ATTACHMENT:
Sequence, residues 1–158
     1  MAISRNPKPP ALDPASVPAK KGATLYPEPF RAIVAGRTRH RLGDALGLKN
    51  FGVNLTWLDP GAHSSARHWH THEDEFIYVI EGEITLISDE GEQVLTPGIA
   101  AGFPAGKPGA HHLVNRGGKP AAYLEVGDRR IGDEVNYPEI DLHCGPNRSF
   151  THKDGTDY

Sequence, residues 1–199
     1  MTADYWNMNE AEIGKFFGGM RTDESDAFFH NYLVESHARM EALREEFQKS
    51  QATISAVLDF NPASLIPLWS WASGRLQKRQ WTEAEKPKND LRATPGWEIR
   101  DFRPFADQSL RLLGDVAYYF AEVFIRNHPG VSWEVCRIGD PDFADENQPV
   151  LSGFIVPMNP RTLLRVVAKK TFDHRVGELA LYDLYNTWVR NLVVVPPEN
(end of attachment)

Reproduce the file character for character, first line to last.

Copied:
Sequence, residues 1–158
     1  MAISRNPKPP ALDPASVPAK KGATLYPEPF RAIVAGRTRH RLGDALGLKN
    51  FGVNLTWLDP GAHSSARHWH THEDEFIYVI EGEITLISDE GEQVLTPGIA
   101  AGFPAGKPGA HHLVNRGGKP AAYLEVGDRR IGDEVNYPEI DLHCGPNRSF
   151  THKDGTDY

Sequence, residues 1–199
     1  MTADYWNMNE AEIGKFFGGM RTDESDAFFH NYLVESHARM EALREEFQKS
    51  QATISAVLDF NPASLIPLWS WASGRLQKRQ WTEAEKPKND LRATPGWEIR
   101  DFRPFADQSL RLLGDVAYYF AEVFIRNHPG VSWEVCRIGD PDFADENQPV
   151  LSGFIVPMNP RTLLRVVAKK TFDHRVGELA LYDLYNTWVR NLVVVPPEN